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Quod barbari non fecerunt, fecerunt Barberini. L’assalto all’edificio dei diritti umani

Antonio Papisca (2006)

Issued in:

Pace diritti umani - Peace Human Rights, 2/2006

Publication Typology

: Article / Essay


: 7-19


: IT


Quod barbari non fecerunt, fecerunt Barberini. Assaulting the Building of Human Rights

Antonio Papisca

It is well known that in the Renaissance Rome the most powerful families destroyed ancient monuments, partially also the Colosseum, to get building material for their sumptuous palaces. The metaphor could be used to describe what is going on today by claiming «less freedom, more security». There are powerful and super-powerful political leaderships that are trying to demolish what was being built since the coming of the United Nations Charter and the Universal Declaration of Human Rights. World is endowed with a paramount fertile construction in progress. We got the international legal recognition of human rights as well as an imposing international machinery for their promotion and protection, that is surrounded by a worldwide network of civil society organisations and transnational social movements. In despite of this flourishing reality, terrorism is worldwide spreading but the response is not to facilitate and strengthen the human rights machinery and the rule of law from the city up to the international institutions. There are governments that claim the right to make war, even preventive war, the old ius ad bellum that the United Nations Charter has proscribed once for all.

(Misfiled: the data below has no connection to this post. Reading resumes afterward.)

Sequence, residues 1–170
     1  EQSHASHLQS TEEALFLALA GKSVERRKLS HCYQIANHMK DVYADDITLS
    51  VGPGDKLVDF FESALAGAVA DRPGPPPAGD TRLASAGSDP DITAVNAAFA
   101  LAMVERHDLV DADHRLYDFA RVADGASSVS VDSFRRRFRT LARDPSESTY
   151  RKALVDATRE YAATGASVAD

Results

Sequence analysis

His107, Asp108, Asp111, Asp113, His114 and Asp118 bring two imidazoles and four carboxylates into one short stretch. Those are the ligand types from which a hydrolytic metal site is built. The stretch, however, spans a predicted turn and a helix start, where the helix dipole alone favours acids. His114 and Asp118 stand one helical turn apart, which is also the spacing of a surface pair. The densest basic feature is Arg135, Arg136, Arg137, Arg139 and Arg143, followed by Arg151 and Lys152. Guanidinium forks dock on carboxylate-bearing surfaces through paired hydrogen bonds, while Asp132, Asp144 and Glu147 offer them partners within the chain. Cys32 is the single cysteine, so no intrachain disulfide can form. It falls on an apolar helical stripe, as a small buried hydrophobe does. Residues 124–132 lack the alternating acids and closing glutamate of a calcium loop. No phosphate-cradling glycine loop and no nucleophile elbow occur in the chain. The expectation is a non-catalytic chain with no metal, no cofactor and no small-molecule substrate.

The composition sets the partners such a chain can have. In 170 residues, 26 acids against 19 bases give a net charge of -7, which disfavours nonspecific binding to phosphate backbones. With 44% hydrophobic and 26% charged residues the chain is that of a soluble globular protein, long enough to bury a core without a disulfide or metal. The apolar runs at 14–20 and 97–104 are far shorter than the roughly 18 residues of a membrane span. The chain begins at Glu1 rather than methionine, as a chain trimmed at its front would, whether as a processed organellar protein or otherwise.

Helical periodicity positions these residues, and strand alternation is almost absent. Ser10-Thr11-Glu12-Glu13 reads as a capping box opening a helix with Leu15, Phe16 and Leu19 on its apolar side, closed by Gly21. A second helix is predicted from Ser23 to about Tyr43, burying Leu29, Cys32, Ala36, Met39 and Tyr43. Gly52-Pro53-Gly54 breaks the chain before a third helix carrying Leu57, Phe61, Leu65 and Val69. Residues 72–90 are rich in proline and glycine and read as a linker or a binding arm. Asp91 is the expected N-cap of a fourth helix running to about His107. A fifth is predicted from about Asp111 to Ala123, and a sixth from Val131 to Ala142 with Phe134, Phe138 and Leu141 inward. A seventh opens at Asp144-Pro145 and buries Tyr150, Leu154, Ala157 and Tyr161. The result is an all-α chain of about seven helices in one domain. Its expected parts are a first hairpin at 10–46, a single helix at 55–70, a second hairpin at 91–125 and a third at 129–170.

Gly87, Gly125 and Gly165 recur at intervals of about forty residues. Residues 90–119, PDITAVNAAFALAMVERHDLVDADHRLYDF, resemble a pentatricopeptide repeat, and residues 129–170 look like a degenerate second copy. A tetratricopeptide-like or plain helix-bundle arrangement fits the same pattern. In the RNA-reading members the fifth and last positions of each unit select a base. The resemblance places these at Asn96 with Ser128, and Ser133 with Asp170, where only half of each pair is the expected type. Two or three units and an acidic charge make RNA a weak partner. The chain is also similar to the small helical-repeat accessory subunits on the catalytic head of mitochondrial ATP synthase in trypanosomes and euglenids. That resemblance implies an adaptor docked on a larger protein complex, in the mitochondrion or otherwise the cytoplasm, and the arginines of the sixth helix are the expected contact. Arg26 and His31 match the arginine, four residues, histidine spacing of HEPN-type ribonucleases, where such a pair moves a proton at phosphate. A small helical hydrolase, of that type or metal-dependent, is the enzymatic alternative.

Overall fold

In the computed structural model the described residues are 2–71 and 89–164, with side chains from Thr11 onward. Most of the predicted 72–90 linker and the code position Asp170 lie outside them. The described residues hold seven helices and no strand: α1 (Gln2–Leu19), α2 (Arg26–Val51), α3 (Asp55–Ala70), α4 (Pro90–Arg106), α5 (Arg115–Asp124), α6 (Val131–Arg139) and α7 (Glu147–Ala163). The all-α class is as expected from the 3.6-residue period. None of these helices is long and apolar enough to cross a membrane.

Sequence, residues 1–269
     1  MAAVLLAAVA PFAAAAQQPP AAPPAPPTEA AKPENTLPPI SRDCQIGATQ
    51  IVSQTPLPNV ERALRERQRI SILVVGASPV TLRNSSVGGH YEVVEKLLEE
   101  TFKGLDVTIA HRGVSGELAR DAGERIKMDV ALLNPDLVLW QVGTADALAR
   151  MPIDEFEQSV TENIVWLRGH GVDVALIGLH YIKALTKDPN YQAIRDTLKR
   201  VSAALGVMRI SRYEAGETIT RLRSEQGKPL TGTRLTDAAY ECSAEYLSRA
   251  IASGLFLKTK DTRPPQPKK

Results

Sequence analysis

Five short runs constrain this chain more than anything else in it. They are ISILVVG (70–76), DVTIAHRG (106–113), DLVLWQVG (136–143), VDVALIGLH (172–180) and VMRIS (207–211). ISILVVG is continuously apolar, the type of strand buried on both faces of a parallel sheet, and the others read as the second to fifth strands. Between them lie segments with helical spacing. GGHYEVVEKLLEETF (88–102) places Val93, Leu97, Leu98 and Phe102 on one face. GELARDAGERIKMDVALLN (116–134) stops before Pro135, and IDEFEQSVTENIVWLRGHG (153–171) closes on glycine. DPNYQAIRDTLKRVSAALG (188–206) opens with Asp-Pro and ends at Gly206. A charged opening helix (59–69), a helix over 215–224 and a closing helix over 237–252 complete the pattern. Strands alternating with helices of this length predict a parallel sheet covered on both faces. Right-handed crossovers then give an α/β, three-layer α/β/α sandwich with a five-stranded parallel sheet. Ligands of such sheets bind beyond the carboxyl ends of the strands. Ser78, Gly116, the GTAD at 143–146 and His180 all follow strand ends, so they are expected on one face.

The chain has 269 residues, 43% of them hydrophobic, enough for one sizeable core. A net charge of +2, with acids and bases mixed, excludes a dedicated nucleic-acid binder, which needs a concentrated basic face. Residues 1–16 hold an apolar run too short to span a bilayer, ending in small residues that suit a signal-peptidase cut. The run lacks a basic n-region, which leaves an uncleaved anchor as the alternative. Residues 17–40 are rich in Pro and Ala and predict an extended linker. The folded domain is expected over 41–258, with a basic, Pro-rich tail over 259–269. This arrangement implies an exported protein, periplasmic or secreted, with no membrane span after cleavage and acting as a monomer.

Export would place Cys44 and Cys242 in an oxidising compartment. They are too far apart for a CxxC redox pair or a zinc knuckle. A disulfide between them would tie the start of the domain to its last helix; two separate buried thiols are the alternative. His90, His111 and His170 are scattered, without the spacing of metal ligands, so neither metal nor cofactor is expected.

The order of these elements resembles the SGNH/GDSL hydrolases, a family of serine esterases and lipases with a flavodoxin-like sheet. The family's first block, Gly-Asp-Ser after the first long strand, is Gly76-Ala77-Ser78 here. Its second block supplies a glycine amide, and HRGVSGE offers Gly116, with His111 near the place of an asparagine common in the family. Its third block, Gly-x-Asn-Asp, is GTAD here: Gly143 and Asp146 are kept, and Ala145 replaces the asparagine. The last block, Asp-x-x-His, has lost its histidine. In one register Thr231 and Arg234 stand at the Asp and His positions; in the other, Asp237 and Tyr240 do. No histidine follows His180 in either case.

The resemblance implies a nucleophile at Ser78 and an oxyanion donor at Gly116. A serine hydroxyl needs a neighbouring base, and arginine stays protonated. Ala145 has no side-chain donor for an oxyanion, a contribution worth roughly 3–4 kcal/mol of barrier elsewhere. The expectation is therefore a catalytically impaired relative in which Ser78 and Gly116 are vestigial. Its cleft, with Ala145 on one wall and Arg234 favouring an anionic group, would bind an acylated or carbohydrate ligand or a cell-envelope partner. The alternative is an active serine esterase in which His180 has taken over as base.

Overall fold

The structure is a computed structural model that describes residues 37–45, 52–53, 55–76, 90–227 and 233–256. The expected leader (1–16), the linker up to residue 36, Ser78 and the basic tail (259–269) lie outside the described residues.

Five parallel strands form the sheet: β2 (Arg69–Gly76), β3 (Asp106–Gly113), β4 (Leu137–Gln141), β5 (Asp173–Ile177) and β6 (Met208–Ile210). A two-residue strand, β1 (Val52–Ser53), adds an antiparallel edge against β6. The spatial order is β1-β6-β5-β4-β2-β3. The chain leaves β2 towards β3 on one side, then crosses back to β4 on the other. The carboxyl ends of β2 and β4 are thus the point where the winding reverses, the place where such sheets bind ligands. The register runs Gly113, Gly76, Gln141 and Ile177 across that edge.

Torture prohibition is a strong principle that belongs to the upper sphere of ius cogens. But torture is being boldly practised even in states the historical identity of which is that of the rule of law defenders. The story of the replacement of the «old» Human Rights Commission with the «new» Human Rights Council is revealing of a trend aiming at perverting the nature of the United Nations whose original ratio is ad omnes includendos (to include all), not to discriminate in accordance with the law of the strongest. The author wonders whether there is something truly new with the «new» Council. He argues that nothing but the «label» is new. The Council’s membership is still intergovernmental, and no progress at all for the NGOs status. The really new is the «peer review» practice, the new Council’s function that would complement the old Commission’s functions but that could overlap the fertile practice of reporting at the Treaty Bodies. The result will be lowering the degree of impartial and supranational authority exercised by the present seven Human Rights Committees. A further reason of concern lies in the fact that being«subsidiary» of the General Assembly, the new Council has no direct formal relationship with the Economic and Social Council: the risk is that civil and political rights would possibly prevail on economic and social rights disregarding the principle of interdependence and indivisibility of all human rights. Before the new situation, the author thinks that the political agenda, dealing with the United Nations reform, should consider as a priority to balance the overall human rights machinery by reinforcing its «independent» side, that is the Treaty Bodies system. The suggestion of a «Unified Standing Treaty Body» formally submitted by the United Nations High Commissioner for Human Rights should be urgently taken into highest consideration.

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